If the mix of cable-knit sweaters and caps, pennywhistle, reels and jigs are your touch points for Irish music, Celtic Woman just might throw you. Consisting of four colleens (three vocalists and one fiddler), this quartet has been selling millions of records and raising boatloads of cash for PBS during its annual fundraisers ever since the then-fivesome was created by Susan Browne and David Downes in 2004.
With the latter being the former musical director of Riverdance, it’s no surprise that Celtic Woman is a glittery distillation of Irish culture thanks to a Vegas-worthy stage show packed with costume changes, step dancing, bagpipes, a choir and orchestration. Along with soloists Chloe [Agnew], Lisa [Lambe] and Susan [McFadden], it’s a concept and presentation that Celtic Woman founding member/fiddler Mairead [pronounced like parade with an m] Nesbitt sees as an escape for the group’s millions of fans.
When you first see Mark Wood, the last thing you’d expect to learn is that he’s a classically trained master of the violin. Or that he studied at Juilliard under iconic iconoclast Leonard Bernstein. In fact, it’s easy to mistake the native Long Islander for a rock star, rather than someone who’s played Carnegie Hall (he has). Between his lanky build, wild head of hair and his line of outrageously designed handmade violins called Vipers, it’s no wonder that Wood has been labelled the Jimi Hendrix of violin.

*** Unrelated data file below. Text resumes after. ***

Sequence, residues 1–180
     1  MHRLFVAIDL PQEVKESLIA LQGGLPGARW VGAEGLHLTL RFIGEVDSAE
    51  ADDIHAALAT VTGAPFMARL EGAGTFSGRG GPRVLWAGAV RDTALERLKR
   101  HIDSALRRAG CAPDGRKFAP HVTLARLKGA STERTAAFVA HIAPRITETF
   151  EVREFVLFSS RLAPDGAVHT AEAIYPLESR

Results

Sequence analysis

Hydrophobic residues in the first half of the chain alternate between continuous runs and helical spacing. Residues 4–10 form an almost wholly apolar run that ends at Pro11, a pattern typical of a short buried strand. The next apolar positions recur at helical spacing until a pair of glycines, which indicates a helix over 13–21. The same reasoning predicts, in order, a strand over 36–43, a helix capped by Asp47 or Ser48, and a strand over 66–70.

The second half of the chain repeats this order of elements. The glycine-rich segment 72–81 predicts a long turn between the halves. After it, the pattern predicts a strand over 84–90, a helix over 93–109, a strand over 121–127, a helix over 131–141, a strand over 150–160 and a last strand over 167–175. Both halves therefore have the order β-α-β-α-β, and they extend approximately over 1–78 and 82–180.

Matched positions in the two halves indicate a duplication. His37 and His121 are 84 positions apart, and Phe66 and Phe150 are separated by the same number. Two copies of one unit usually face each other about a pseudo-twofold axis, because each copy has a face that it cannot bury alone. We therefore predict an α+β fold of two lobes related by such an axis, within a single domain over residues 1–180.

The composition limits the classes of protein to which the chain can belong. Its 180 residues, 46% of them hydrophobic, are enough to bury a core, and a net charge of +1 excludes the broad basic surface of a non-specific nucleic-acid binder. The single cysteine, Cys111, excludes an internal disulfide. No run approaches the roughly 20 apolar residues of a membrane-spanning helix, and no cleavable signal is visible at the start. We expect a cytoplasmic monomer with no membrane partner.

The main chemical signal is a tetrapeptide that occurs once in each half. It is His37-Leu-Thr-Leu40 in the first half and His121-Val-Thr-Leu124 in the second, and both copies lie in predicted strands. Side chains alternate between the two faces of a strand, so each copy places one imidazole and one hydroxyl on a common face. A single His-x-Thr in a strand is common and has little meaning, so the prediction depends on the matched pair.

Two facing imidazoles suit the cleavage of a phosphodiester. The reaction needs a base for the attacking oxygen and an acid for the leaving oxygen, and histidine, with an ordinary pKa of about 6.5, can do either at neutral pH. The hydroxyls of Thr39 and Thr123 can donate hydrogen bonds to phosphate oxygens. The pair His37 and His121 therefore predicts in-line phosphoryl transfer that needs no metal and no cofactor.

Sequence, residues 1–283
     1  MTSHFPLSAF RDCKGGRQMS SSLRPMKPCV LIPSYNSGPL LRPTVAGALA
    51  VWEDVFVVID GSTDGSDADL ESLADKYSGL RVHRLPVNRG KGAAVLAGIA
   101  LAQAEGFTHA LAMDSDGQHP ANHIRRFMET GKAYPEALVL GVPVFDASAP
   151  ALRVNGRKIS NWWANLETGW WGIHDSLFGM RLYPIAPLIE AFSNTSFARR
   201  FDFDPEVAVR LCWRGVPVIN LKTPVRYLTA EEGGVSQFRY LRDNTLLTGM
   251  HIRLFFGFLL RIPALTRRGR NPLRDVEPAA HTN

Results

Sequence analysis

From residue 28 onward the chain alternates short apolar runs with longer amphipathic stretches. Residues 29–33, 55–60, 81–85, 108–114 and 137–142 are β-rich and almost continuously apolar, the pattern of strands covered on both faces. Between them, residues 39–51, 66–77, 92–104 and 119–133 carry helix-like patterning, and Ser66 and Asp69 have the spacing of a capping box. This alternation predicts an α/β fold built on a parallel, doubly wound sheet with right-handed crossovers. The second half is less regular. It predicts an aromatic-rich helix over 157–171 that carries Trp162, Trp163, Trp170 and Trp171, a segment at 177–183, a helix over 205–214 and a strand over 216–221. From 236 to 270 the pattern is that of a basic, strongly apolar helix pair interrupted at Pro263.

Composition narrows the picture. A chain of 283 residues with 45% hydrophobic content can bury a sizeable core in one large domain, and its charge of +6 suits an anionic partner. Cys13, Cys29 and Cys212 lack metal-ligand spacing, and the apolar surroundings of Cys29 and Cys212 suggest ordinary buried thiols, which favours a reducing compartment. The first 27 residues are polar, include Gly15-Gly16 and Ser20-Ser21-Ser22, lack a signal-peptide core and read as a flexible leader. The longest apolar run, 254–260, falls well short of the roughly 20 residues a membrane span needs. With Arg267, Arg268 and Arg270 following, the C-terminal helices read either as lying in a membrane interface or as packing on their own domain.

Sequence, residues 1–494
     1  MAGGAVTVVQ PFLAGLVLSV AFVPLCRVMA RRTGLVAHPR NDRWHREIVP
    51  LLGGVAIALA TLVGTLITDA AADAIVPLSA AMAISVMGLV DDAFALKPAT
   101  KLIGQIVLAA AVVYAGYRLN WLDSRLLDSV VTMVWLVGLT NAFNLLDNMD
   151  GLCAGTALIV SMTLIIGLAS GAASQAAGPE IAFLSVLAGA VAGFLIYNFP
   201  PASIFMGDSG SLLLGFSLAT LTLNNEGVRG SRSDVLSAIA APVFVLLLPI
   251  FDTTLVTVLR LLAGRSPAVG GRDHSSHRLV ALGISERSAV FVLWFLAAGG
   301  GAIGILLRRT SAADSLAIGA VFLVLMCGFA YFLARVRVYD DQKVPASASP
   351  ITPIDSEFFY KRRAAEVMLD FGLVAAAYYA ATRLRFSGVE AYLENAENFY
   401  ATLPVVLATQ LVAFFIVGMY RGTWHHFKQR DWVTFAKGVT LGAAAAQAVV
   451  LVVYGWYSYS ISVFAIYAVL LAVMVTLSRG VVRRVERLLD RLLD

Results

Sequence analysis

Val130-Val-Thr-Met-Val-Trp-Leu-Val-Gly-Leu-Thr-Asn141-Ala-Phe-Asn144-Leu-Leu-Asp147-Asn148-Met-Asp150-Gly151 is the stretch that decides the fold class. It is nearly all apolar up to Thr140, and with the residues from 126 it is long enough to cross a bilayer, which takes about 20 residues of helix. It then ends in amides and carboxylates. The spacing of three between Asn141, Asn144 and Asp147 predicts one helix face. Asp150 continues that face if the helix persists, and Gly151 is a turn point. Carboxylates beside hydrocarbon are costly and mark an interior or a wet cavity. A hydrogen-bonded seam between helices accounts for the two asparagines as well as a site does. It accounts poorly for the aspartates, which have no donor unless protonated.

But for as much as the luthier/composer/instrumentalist likes to rock out, his true passion is trying to pull music education into the 21st century.
1. The Beatles – Sgt. Pepper’s Lonely Hearts Club Band (1967) - “The Beatles are the greatest band in the world and John Lennon’s songs and their approach to changing pop music from sugar to very, very deep messages from ‘Revolution’ to what John Lennon was doing towards the end of The Beatles. And to achieve what they achieved in literally six years. They didn’t even hit 10 years. They were very impactful and for me, [this was their pinnacle] without question.”
After retiring from years of teaching at an elementary school and at the college level, Phyllis Goodfriend found a new life. She found photography. And she never looked back. Or stopped learning.
“I realized that photography was teaching me to see and that there was no limit to how much I could learn and develop as a photographer,” said Ms. Goodfriend, who along with her husband, Herbert, has lived in Great Neck for more than 43 years and raised their two sons in the community.
Dozens of moviegoers and indy film supporters gathered on Monday, Jan. 7 at the Anthology Film Archives in the East Village to review several movies at the First Mondays Film Committee’s Film Festival.
Among them was the short film, Love and the Small Print, a project that earned two local filmmakers a premiere spot at Cannes Film Festival last spring. It was also featured in two local festivals, The Big Apple Film Festival and the African American Women in Cinema Film Festival.
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